For year-round enjoyment, these clover-like flower heads are hard to beat. The papery flowers last a long time in the garden and in fresh bouquets, and the blooms are easy to dry for use in wintertime arrangements. Depending on the variety, flowers are white, red, pink, lilac or purple. 'Strawberry Fields,' with bright red blossoms, and 'All Around Purple' are two standouts.

Care: Requires full sun to partial shade; moderate water. Grows as an annual in all zones.

Sea Holly (Eryngium)

A group of blue sea holly with a light yellow background iStock

If you want to add contrast to a flowerbed or to fresh or dried flower arrangements, this dramatic spiky plant is a great choice. It resembles thistle, but the flower colors blend in more with the prickly blue-green leaves, which are often streaked with silver. Alpine sea holly (E. alpinum) is a deep steel blue, while E. amethystinum is more silvery blue. Miss Willmott's Ghost (E. giganteum) produces especially striking conical flowers, each surrounded by a wreath of silvery, spikey bracts.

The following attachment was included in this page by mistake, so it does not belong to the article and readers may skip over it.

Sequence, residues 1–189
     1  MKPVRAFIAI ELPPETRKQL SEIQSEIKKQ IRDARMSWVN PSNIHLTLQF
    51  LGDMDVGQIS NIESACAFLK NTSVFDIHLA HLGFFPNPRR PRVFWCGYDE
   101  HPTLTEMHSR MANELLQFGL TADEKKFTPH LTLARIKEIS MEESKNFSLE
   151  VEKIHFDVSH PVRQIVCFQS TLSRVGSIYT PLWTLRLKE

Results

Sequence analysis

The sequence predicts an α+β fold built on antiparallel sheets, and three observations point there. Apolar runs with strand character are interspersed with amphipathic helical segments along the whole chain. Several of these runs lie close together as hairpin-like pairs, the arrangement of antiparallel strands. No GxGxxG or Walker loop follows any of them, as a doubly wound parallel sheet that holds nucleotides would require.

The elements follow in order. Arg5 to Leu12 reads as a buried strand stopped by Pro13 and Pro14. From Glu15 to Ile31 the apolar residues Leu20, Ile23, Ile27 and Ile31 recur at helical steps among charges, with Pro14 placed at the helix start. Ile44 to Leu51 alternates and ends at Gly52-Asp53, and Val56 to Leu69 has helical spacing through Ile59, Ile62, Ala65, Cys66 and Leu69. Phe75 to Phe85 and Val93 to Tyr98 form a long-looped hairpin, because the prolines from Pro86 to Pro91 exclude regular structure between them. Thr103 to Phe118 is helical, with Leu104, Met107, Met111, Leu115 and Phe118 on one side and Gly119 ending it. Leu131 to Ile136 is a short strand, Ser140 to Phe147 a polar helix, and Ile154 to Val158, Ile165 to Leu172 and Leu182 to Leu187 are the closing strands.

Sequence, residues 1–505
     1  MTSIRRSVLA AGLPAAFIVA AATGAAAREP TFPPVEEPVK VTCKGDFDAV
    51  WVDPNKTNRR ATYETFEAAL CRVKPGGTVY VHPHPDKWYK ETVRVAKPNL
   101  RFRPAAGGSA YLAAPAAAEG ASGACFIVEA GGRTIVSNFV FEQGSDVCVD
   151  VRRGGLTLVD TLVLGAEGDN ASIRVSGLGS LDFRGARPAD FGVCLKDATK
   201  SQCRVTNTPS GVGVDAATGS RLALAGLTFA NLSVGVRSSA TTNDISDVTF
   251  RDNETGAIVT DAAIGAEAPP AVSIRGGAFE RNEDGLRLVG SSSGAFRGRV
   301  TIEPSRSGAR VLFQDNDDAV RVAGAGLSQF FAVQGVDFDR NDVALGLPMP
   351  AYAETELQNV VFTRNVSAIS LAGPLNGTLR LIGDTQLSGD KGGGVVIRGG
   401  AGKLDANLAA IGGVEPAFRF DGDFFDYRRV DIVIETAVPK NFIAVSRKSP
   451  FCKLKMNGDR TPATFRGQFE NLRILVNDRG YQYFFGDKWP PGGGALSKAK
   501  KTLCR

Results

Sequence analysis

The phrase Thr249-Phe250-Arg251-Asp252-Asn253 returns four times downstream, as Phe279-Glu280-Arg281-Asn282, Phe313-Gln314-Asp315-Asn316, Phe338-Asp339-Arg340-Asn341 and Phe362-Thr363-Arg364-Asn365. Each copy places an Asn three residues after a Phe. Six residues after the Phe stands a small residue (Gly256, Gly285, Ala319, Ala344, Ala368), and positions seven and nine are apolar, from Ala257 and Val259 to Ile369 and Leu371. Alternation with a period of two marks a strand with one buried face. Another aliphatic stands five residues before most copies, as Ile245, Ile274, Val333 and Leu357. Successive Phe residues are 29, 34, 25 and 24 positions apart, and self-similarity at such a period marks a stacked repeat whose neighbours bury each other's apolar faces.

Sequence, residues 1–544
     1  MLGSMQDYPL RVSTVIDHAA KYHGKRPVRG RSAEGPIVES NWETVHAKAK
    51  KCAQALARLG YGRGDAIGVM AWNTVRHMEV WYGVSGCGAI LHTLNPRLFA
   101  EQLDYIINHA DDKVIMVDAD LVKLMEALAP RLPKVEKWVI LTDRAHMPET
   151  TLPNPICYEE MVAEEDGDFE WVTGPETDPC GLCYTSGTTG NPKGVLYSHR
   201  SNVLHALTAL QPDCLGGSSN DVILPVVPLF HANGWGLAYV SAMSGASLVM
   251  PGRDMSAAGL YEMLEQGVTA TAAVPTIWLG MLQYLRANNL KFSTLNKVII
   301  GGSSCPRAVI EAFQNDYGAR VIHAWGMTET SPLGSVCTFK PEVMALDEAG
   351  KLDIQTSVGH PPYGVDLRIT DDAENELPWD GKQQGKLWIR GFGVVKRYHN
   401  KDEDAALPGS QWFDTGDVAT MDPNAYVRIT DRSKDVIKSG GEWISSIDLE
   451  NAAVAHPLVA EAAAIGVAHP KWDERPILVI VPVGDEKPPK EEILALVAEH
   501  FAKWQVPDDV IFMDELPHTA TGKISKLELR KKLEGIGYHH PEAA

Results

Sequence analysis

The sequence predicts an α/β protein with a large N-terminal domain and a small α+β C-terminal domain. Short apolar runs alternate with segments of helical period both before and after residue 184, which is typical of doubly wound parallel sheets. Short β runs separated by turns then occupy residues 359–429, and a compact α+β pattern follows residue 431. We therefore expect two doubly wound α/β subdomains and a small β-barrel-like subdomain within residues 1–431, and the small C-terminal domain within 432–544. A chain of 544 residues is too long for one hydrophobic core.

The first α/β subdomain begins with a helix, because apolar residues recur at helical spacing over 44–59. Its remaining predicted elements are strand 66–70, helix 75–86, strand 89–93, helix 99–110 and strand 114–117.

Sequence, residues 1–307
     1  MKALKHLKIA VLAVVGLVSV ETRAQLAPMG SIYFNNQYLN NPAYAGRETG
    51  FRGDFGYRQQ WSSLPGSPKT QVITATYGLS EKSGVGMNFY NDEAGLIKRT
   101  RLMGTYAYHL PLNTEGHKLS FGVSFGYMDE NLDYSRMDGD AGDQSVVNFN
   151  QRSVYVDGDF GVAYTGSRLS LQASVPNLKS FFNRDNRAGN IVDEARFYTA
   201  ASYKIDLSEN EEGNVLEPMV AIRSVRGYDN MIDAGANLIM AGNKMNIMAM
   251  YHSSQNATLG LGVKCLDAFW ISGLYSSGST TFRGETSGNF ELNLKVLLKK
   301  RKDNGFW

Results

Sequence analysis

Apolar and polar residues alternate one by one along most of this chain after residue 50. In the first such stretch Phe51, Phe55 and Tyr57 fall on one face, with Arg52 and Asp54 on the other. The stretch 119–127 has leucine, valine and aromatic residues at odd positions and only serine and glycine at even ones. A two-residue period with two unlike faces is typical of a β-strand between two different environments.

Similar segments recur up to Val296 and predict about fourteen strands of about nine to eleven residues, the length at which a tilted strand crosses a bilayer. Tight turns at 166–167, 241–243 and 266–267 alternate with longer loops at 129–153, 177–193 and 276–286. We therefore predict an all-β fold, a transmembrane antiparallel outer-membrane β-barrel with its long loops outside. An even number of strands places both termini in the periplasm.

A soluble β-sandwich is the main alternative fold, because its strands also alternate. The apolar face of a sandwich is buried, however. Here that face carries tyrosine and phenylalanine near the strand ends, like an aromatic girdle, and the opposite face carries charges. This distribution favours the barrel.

Care: Requires full sun; moderate to regular water. Grows as a perennial in zones 3-8.

Stella de Oro Daylily (Hermerocallis)

Yellow Stella de Oro Daylily iStock

Tough and trouble-free, daylilies produce showy flowers above a mound of sword-shaped leaves. Whether in the garden or in a vase, each blossom lasts just one day; they are daylilies, after all. But each stem holds numerous buds that open on successive days. Low-growing Stella de Oro keeps churning out new stems with a profusion of golden-yellow blossoms for up to five months, far longer than most daylilies.

Care: Requires full sun to light shade; regular water. Grows as a perennial in zones 3-9.

Evergreen Candytuft (Iberis sempervirens)

White Evergreen Candytuft Flowers iStock

Small clusters of delicate white flowers appear in low-growing clumps in spring and continue into the fall. The shiny, dark-green leaves stay on all winter, so the plant remains attractive year-round.

Care: Requires full sun to part shade; regular water. Grows as a perennial in zones 5-9.

Brown-Eyed Susan (Rudbeckia)

Brown-Eyed Susan iStock

Brilliant yellow or orange flowers with a raised brown polka-dot center stand out in a perennial border. R. hirta varieties bloom from seed the first year and are grown as annuals; in the warmest areas, they're wintertime bloomers.